No single factor can explain why more children are being identified with autism, although a combination of genetic and environmental factors play a role.
In addition, some of the increase in the rates in the CDC's study may be due to changes in the criteria for diagnosis, greater awareness, and better record keeping.
Check our website for the latest updates on statistics
Why Awareness Still Matters - We have a lot of work to do!
While we have made great strides towards our goals to raise awareness and build acceptance, we still have a lot of work to do.
Unfortunately, there were a number of incidents and news stories, in New Jersey and across the country, where individuals with autism were bullied, put in dangerous situations and felt unwelcome in their schools and communities.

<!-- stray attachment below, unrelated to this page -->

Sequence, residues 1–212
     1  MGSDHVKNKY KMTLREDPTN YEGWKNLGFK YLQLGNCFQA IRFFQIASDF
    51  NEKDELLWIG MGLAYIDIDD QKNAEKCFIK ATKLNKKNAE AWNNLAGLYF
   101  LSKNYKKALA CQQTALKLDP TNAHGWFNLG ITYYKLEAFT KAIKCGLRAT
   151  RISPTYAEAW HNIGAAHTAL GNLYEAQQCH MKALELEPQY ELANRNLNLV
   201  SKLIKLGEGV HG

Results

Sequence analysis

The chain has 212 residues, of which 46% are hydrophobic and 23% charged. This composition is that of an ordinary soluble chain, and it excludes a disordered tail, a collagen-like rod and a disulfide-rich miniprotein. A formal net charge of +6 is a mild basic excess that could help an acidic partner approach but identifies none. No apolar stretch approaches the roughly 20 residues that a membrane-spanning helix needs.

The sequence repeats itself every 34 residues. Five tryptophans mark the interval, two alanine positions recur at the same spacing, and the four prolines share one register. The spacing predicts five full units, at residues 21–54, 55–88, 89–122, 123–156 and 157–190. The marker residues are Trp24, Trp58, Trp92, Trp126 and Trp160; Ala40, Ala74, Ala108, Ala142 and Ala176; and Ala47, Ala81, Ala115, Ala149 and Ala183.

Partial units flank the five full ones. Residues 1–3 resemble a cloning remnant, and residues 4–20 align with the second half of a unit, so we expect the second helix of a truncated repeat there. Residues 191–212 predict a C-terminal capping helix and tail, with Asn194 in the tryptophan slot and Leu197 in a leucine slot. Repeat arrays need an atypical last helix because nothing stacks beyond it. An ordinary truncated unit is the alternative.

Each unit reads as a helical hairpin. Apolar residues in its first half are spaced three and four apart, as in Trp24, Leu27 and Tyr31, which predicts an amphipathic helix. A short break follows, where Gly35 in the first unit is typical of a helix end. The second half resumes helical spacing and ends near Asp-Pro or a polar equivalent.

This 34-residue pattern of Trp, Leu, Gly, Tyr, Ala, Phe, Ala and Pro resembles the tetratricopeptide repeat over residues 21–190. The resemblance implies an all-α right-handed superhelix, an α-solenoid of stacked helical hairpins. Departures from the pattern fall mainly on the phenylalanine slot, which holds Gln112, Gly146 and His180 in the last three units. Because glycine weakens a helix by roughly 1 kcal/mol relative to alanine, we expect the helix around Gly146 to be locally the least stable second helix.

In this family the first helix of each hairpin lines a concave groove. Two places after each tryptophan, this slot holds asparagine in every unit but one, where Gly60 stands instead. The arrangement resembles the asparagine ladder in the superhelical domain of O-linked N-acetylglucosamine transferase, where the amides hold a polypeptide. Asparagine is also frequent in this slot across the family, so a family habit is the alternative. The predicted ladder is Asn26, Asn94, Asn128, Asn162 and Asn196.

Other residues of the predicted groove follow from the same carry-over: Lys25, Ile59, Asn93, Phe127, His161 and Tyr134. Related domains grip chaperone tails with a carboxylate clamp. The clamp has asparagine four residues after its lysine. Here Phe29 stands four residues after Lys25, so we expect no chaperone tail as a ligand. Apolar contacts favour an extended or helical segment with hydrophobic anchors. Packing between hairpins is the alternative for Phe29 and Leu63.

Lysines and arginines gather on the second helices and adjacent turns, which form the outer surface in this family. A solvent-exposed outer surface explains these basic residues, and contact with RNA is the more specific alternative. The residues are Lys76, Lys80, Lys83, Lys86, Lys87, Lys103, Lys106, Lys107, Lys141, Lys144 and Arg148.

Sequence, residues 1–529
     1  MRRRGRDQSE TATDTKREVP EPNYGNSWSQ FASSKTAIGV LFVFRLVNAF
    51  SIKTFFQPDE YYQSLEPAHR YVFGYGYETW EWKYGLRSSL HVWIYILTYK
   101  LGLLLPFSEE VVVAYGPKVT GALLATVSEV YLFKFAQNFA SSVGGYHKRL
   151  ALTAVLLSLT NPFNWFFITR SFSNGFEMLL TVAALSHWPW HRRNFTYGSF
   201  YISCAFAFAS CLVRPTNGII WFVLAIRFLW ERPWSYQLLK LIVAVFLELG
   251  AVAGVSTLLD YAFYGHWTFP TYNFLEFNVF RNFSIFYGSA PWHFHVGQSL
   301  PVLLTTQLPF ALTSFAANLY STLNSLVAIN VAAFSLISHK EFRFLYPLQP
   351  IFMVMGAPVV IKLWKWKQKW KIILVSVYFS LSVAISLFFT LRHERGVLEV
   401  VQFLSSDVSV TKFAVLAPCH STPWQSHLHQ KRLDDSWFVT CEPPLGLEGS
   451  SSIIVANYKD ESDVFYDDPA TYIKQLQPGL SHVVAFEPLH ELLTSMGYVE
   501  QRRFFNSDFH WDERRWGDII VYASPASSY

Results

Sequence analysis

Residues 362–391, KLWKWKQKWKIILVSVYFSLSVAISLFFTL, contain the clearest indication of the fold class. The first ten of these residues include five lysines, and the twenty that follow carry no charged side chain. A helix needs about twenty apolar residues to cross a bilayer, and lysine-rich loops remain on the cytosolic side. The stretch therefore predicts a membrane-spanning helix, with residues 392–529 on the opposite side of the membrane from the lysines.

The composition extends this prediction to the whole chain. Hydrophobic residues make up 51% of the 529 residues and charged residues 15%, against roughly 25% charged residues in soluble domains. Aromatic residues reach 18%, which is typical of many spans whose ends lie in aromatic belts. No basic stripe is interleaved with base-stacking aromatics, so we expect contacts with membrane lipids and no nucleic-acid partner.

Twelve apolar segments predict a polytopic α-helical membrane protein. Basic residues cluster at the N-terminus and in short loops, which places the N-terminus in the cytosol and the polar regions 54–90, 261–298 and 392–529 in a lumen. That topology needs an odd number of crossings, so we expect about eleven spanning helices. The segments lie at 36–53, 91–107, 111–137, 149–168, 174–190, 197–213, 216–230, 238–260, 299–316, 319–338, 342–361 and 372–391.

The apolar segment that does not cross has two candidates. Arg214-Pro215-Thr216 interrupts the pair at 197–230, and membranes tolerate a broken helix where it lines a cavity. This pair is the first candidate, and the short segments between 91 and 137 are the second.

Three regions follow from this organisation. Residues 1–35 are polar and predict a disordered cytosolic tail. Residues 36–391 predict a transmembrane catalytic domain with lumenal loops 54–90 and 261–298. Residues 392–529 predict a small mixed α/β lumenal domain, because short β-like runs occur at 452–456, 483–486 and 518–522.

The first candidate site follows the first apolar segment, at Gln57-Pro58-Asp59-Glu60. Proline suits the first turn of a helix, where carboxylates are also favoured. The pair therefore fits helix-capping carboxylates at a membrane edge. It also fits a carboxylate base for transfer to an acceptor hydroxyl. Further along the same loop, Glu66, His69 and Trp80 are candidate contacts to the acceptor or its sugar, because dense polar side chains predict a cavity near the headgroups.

Through your ambassador activities, you are helping to build acceptance and understanding for all individuals with autism.
Here are some examples of why your work as an ambassador is important:
Meltdown Leads To Felony Charge For Teen On The Spectrum
Modesto Bee via Disability Scoop, 2/1/16
Trial ordered for Howell men in autistic teen's dare
Asbury Park Press, 10/28/15
Autistic Man’s Near-Death Experience Inspires New Anti-Bullying Law
The Mighty, 1/13/16
Neighbors file ‘extraordinary, unprecedented’ public nuisance lawsuit against autistic boy’s family
Washington Post, 10/7/15
Encourage and Demonstrate Kindness
Our ambassador campaign encourages everyone to help build communities that embrace and accept individuals with autism.
One easy way to do this is to simply encourage kindness, especially when encountering individuals with autism in your day-to-day activities.